Hard water anglers get excited when we start talking about hauling slab crappie through the ice. Crappie are one of the most sought after species for ice fishermen across the ice belt. Ice fishing for crappie is difficult yet rewarding for an ice fisherman to master. Here are our top 3 tips to help you find crappie, jig for crappie, and catch crappie at night.
1. How to Find Crappie Ice Fishing
Crappie move a lot through the winter and keeping up with their movement patterns can be as tricky as catching them. Staying mobile and using a flasher are the keys to finding crappie throughout winter. Early ice crappie will hold to the cover of weed lines and thick weed beds in 5-15 feet of water. The healthiest weeds will hold the most fish during this time because they produce more oxygen and attract bait. Mid winter crappie will move to the basin of the lake and suspend off the bottom 10-20 feet relative to overall depth. Crappie suspend wherever the highest oxygen levels and most bait are, typically in the top half of the water column. Late ice crappie will start to move back to the shallows and any remaining healthy vegetation. Drill 15-20 holes in these areas and use your flasher to mark crappie stratified in the water column before you start fishing.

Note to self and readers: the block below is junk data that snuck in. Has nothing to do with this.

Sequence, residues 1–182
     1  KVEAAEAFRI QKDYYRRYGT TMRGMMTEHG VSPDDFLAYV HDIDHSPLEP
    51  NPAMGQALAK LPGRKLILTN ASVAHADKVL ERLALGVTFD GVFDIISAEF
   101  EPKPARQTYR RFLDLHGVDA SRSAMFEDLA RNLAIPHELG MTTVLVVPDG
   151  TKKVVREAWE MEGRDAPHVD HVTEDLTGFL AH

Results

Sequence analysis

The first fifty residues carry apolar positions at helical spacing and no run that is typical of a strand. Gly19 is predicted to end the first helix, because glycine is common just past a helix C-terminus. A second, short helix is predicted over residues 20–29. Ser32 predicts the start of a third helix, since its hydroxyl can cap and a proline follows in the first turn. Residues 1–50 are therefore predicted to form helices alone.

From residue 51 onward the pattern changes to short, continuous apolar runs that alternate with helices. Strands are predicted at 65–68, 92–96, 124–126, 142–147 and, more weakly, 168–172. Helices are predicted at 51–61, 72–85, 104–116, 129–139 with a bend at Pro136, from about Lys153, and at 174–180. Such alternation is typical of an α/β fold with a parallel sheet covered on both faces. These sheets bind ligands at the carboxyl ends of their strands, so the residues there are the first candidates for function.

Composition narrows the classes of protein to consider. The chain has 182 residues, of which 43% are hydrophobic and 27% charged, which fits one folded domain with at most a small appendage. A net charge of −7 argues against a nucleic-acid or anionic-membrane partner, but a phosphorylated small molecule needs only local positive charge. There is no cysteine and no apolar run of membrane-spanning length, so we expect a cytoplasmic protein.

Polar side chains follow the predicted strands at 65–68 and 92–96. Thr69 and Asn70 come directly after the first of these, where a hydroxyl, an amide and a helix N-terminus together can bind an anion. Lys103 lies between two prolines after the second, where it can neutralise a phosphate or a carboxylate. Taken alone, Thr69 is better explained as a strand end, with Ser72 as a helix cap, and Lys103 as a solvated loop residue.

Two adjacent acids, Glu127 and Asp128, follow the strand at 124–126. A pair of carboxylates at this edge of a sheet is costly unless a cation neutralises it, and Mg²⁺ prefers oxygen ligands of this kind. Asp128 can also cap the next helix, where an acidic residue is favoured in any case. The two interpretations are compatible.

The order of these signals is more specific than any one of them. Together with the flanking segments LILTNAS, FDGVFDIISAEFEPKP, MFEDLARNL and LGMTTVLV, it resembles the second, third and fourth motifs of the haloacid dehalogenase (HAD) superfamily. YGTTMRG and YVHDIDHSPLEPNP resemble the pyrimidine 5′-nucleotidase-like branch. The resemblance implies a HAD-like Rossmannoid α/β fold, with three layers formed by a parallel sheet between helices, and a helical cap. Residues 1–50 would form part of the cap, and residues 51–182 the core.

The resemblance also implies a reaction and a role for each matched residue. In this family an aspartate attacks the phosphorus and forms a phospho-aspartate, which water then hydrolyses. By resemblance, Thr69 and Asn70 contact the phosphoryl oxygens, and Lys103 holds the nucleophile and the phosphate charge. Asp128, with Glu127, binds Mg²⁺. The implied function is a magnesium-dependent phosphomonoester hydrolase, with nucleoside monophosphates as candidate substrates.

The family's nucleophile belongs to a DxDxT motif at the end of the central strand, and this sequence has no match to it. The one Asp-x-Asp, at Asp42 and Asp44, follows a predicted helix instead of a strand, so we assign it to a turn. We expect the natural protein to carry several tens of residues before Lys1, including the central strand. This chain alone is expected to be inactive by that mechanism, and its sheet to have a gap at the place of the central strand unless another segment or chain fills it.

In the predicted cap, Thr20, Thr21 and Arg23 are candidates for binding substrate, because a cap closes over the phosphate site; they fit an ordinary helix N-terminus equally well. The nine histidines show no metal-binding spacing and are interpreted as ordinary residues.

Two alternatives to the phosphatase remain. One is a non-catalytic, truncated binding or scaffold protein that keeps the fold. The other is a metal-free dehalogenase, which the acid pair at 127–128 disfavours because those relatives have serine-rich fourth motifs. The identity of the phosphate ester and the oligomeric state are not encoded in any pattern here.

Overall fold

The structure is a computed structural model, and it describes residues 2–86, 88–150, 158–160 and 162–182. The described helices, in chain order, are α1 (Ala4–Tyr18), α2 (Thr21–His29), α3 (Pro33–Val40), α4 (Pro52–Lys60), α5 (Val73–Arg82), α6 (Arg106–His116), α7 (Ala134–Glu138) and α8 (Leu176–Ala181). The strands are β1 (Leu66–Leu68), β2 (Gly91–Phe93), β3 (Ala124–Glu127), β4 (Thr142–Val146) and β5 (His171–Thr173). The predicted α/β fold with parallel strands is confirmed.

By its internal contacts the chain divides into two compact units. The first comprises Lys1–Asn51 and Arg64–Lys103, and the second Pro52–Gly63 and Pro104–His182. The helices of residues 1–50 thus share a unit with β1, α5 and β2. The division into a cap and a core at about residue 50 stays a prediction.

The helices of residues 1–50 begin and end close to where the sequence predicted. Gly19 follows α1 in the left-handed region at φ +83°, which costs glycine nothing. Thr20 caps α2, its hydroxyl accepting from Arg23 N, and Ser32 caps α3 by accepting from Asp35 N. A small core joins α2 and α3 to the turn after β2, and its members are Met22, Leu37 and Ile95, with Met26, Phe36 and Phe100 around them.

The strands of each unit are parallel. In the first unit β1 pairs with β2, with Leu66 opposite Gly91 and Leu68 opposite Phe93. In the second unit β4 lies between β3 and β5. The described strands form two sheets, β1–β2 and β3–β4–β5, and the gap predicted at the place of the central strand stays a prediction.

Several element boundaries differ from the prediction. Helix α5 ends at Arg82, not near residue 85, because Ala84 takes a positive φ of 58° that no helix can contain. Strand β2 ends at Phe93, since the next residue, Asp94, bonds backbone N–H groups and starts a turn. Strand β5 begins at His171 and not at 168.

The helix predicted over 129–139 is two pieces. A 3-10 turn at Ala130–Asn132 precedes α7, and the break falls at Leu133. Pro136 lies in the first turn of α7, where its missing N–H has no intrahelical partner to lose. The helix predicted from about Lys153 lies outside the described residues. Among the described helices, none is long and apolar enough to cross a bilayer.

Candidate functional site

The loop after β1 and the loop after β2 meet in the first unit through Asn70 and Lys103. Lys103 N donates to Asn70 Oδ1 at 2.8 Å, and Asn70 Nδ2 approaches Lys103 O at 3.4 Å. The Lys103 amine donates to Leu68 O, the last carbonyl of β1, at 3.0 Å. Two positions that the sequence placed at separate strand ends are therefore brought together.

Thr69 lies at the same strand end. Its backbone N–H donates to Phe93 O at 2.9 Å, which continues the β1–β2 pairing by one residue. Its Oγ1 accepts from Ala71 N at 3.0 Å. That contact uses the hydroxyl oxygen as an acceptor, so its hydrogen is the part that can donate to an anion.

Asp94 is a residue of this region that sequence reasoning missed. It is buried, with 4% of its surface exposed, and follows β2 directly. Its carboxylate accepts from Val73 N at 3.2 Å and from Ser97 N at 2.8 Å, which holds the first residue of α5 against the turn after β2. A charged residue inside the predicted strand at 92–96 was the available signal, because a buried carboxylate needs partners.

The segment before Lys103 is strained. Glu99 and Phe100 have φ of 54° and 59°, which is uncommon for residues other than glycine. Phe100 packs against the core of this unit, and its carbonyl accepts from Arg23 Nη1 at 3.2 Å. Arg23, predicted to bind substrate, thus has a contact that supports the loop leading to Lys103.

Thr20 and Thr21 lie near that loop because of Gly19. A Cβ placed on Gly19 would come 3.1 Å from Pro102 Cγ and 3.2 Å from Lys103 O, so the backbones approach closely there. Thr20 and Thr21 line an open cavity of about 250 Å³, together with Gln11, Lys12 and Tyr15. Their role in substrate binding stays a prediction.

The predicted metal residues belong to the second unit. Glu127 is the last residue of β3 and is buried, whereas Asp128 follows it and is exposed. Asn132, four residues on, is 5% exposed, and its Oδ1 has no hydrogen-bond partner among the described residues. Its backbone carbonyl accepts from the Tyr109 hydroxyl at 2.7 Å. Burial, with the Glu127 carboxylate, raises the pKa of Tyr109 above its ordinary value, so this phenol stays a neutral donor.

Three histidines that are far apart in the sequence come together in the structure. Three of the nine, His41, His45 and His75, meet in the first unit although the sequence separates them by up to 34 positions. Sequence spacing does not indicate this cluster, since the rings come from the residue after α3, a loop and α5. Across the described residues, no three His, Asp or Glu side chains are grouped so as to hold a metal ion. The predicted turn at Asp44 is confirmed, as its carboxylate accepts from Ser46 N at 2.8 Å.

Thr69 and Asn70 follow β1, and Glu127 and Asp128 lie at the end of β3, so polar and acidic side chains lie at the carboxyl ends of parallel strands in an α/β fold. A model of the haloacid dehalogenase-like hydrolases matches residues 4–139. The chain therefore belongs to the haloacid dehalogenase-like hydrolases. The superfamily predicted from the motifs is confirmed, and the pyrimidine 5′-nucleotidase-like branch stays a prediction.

2. Jigging for Crappie Ice Fishing
During the winter months, crappie typically hold together in pods of 3-10 fish and feed on plankton. Mimic plankton with a tungsten jig and soft plastic to catch crappies and keep the pod active. Jigging for Crappie is the most popular way to catch them through the ice. Drop your bait to the bottom, then reel up a few feet and work a 1-2 foot section of the water column with a series of light pulsing and pausing up and down. Most bites occur when your bait is moving upward. Keep moving from hole to hole until you find active crappies.
3. Crappie Ice Fishing at Night
Crappie feed most actively at night with the bite peaking at dawn and dusk. Make sure to take advantage of these times to catch the most active fish. Jigging bright plastics like a chartreuse wax worm paired with an orange or green jig head performs especially well for nighttime crappies. If the night bite is tough, we recommend dead sticking an ice fishing pole with a live fathead or crappie minnow to convert finicky fish. Another useful tip for ice fishing Crappie at night is to use a glow stick or underwater light where regulations permit. A glow stick will attract bait, plankton and crappie to your area.
Ice Fishing Crappie Tips
Find where the crappie are holding based on the seasonal patterns that effect oxygen and light levels. Keep in mind that crappie are found around shallow vegetation during early and late ice and in the basin or deeper areas during mid winter. Use your electronics and stay mobile until you find pods of biting fish. Present baits that mimic typical plankton forage and don’t forget to mix in live minnows for docile fish and lures that mimic minnows for larger and more aggressive crappie. Then once the ice starts to melt and the season changes, you’ll have to readjust your tactics and find the best time to fish for crappie in the warmer weather.